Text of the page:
So it turns out “The Unauthorized Saved by the Bell Story” is really just Lifetime for “Sharknado.” The network opted not to screen the movie in advance, presumably assuming the nostalgia/live-tweeting factor would only be undermined by the realization this wasn’t so much a movie as a music montage interrupted by reenactments from a mediocre but improbably long-running ‘90s Saturday-morning show. Told primarily from the perspective of Dustin Diamond (who doubles as a producer), the project explores the age-old insecurities of young actors and challenges of sudden stardom, but in such a tedious, empty way the bell couldn’t come soon enough.
Diamond’s memoir about the show (which he later disavowed) was said to have provided only partial inspiration for this account, but since Diamond (as played by Sam Kindseth) narrates the movie, periodically breaks the fourth wall to address the camera and generally guides us through this not-so-magical history tour, that sounds like a distinction without a difference.
As related by Diamond, who played nerd supreme Screech, the movie follows the birth of a show (out of the ashes of a jettisoned Disney Channel series), casting of the principals and near-cancellation before the program caught on. Even in success, however, Diamond clearly feels under-appreciated, grousing that during a promotional tour the others were shipped to glamorous cities while he was dispatched to a rec center in South Carolina, where he promptly got drunk and embarrassed the producers.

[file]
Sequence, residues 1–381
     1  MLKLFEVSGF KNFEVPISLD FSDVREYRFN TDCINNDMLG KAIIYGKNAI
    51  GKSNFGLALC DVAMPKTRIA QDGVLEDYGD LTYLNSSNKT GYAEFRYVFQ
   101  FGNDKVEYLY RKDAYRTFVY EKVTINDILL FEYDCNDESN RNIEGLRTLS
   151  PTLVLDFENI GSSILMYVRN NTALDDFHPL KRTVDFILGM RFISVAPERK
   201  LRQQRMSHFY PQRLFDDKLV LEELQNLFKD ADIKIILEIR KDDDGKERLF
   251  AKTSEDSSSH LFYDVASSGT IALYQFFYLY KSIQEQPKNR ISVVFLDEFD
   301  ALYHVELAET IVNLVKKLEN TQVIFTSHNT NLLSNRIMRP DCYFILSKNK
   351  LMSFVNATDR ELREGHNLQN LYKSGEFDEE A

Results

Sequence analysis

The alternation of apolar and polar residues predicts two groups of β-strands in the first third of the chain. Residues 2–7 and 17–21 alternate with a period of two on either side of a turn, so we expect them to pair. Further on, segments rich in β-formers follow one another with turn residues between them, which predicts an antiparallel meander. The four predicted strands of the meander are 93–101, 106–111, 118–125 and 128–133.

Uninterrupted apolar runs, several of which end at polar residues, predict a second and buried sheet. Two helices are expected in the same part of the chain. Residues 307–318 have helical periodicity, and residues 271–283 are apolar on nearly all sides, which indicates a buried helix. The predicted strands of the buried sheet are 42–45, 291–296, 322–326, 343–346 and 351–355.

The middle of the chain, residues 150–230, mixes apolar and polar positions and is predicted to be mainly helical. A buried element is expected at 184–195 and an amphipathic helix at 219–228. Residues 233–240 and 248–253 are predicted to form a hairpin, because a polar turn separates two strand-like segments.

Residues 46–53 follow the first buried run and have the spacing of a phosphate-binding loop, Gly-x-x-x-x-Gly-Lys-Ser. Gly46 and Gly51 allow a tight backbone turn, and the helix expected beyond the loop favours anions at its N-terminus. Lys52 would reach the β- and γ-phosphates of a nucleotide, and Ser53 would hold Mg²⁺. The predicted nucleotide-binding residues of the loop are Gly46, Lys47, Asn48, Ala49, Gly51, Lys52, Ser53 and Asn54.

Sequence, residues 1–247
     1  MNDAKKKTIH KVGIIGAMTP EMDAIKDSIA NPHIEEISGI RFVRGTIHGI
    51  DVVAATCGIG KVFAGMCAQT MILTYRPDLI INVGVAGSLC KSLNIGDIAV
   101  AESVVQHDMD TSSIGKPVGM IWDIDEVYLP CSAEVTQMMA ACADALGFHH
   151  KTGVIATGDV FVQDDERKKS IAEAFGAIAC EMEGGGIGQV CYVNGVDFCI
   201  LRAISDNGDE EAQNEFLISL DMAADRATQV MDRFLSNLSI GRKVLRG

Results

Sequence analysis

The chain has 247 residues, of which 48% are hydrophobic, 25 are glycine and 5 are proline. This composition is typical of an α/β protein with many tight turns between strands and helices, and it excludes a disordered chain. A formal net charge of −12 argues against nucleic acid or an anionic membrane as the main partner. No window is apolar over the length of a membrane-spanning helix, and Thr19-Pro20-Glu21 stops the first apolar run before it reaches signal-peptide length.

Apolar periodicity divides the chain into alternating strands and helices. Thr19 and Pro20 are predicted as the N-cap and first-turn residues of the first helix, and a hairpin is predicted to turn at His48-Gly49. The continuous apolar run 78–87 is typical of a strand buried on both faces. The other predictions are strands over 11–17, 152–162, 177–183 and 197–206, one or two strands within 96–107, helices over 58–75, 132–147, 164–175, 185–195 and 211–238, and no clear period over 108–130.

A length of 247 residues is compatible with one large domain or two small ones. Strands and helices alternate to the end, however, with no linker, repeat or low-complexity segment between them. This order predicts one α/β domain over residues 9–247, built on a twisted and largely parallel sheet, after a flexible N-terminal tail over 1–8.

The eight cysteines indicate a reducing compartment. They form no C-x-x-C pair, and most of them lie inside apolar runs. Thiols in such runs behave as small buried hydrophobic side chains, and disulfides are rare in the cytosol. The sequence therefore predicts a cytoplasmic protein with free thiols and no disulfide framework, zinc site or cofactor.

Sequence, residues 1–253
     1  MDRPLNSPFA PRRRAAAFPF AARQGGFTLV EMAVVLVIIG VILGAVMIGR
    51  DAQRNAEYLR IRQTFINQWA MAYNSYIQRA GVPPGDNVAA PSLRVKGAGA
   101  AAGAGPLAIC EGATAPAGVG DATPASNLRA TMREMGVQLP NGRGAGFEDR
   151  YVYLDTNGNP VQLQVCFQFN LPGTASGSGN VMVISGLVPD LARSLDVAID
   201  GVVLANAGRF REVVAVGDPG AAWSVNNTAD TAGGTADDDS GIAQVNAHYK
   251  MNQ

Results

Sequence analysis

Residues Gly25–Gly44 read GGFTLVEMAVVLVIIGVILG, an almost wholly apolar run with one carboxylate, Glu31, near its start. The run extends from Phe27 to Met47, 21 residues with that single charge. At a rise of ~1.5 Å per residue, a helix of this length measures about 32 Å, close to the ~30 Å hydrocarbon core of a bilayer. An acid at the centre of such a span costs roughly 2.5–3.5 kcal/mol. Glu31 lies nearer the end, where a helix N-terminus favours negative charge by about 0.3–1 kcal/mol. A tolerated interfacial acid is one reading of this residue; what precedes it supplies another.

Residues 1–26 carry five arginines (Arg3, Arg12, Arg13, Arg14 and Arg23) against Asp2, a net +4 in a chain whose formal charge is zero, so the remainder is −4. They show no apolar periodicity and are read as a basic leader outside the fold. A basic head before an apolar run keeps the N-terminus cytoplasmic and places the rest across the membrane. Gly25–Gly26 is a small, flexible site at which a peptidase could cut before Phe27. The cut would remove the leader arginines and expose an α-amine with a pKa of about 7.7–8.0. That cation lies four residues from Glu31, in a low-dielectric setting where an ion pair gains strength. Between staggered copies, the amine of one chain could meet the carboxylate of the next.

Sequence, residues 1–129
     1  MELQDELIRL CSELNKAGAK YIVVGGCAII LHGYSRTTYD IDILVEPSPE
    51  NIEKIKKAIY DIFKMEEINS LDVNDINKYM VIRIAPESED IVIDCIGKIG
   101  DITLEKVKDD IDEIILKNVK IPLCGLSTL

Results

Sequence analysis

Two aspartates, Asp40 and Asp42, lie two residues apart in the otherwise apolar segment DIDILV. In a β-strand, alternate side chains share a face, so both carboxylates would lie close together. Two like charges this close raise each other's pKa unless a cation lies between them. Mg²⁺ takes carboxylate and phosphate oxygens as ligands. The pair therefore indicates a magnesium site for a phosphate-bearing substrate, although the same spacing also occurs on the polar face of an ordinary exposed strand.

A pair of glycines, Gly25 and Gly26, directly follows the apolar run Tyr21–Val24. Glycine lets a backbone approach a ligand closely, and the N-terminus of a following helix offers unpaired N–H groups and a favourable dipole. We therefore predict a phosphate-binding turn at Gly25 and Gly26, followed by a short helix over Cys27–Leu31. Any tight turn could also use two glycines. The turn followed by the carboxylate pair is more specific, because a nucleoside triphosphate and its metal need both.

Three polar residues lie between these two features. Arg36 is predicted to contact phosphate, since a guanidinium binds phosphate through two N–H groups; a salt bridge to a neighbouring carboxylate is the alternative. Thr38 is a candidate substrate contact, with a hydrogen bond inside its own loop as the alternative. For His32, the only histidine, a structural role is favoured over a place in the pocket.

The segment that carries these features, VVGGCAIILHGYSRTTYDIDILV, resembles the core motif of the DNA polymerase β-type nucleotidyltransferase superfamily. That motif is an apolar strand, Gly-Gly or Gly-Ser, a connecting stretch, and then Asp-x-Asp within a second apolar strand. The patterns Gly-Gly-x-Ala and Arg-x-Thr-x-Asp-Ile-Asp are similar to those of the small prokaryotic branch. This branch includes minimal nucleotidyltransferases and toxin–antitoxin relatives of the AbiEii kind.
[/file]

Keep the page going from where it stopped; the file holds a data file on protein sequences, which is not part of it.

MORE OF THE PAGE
Other than the outcast status Kindseth brings to Diamond – who, among other things, must deal with a stern father – the rest of the cast is largely lost under wardrobe and hairstyles. As for the salacious stuff, it’s all inordinately tepid – nobody rounds first base – even if one of the adults muses (seemingly more for promotional purposes than anything else), “ Well, the network didn’t kill us. The hormones might.”
Written by Ron McGee and directed by Jason Lapeyre, as history “The Unauthorized Saved by the Bell Story” doesn’t pass the smell test on more than one occasion. Among the more questionable moments, Diamond waltzes unannounced into the office of then-NBC Entertainment chief Brandon Tartikoff (Adam Greydon Reid) to shoot the breeze, and Elizabeth Berkley (Tiera Skovbye) references “MASH” as a guidepost while lobbying the cast to join her in insisting that the show incorporate more relevant (think after-school-special territory) plot lines.
Of course, from Lifetime’s perspective, this is more about demography than drama, hoping the audience that watched “Saved by the Bell” as kids and teens – now situated firmly in the 18-49 age bracket – will tune in out of curiosity, with little regard to the actual content.
Given that, the one scene that rings moderately true finds the young and exceedingly naïve actors lamenting the negative reviews that greet the show’s premiere, with Mario Lopez (Julian Works) calling the critics “douchebags” and Diamond dismissing them as irrelevant.
As defense mechanisms go, the more things change, the more they stay the same.